This environmental research facility goes all in on sustainable design
A decade ago, many of the scientists at the Smithsonian Environmental Research Center (SERC) worked in rusting trailers scattered across a patch of cleared forest. The researchers at the site, located on the Chesapeake Bay in Edgewater, Maryland, conducted vital climate change experiments, but their facilities left much to be desired—environmentally, functionally, and aesthetically.
The nearly 200 scientists, technicians, and students needed a safe place to conduct their research, store their specimens, and work together. Today, they have that in the Mathias Laboratory, the Smithsonian Institution’s greenest building to date.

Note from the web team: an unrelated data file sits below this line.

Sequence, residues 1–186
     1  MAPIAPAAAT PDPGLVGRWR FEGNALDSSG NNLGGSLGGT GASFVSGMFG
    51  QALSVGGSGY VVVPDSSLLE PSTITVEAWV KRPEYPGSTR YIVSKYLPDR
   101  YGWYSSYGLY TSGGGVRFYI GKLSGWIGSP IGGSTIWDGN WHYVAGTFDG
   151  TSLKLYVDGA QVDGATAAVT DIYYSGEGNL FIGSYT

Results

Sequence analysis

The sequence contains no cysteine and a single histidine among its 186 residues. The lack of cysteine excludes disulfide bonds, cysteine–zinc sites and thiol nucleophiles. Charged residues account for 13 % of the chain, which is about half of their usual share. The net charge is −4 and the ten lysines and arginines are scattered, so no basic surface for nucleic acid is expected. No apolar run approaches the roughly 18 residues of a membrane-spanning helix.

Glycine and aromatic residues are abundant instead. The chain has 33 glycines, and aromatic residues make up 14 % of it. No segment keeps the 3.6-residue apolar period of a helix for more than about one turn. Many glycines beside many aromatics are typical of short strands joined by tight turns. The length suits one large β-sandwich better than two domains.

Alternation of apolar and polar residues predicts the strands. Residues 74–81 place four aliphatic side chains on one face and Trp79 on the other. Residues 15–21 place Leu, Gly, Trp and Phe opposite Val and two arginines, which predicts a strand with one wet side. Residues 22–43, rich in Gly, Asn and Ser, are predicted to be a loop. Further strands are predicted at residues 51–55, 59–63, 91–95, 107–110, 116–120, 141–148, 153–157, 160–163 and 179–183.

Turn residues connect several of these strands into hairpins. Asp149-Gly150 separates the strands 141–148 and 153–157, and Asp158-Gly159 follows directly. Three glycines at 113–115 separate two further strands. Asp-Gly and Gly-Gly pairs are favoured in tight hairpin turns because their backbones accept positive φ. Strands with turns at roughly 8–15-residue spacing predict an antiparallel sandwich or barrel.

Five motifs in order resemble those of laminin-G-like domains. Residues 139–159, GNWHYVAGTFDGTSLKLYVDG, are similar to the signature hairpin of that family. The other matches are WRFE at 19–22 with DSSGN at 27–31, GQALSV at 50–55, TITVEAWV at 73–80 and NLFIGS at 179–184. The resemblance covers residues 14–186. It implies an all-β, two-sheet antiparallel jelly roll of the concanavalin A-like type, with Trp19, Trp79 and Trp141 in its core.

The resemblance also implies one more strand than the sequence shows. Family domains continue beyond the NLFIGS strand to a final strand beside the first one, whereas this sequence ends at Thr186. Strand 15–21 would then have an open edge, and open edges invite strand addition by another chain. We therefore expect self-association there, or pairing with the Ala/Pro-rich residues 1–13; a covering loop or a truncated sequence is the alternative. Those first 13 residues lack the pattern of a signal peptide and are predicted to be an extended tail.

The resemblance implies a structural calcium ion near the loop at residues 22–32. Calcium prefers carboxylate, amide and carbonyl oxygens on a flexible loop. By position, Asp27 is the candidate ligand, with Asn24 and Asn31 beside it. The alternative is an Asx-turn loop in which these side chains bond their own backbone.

Outside the facility, scientists have access to a “living laboratory,” a space for them to conduct their work in a holistic environment, one that both informs the research and serves to educate the public about environmental issues, says landscape architect Kathy Poole, of Poole Design LLC. Managing stormwater on the site became an opportunity to showcase how wonderful landscapes can also accomplish important, infrastructural work, says Poole, who characterizes the series of stepped terraces and wetland pools that filter pollutants and regulate water flow, as a “machine in the garden.” The rehabilitated landscape covers the full extent of the geothermal field and provides opportunities for wildlife habitat as well as scientific experimentation. “It’s very rare I have the opportunity to express what’s going on inside the building on the outside,” she says. The Machine in the Garden connects building and landscape water systems into functional and aesthetic expression—an apt metaphor for the close collaboration between designers and client that enabled the project’s successes and its LEED Platinum accreditation. –(December 2015) by Margaret Poe in gb&d magazine.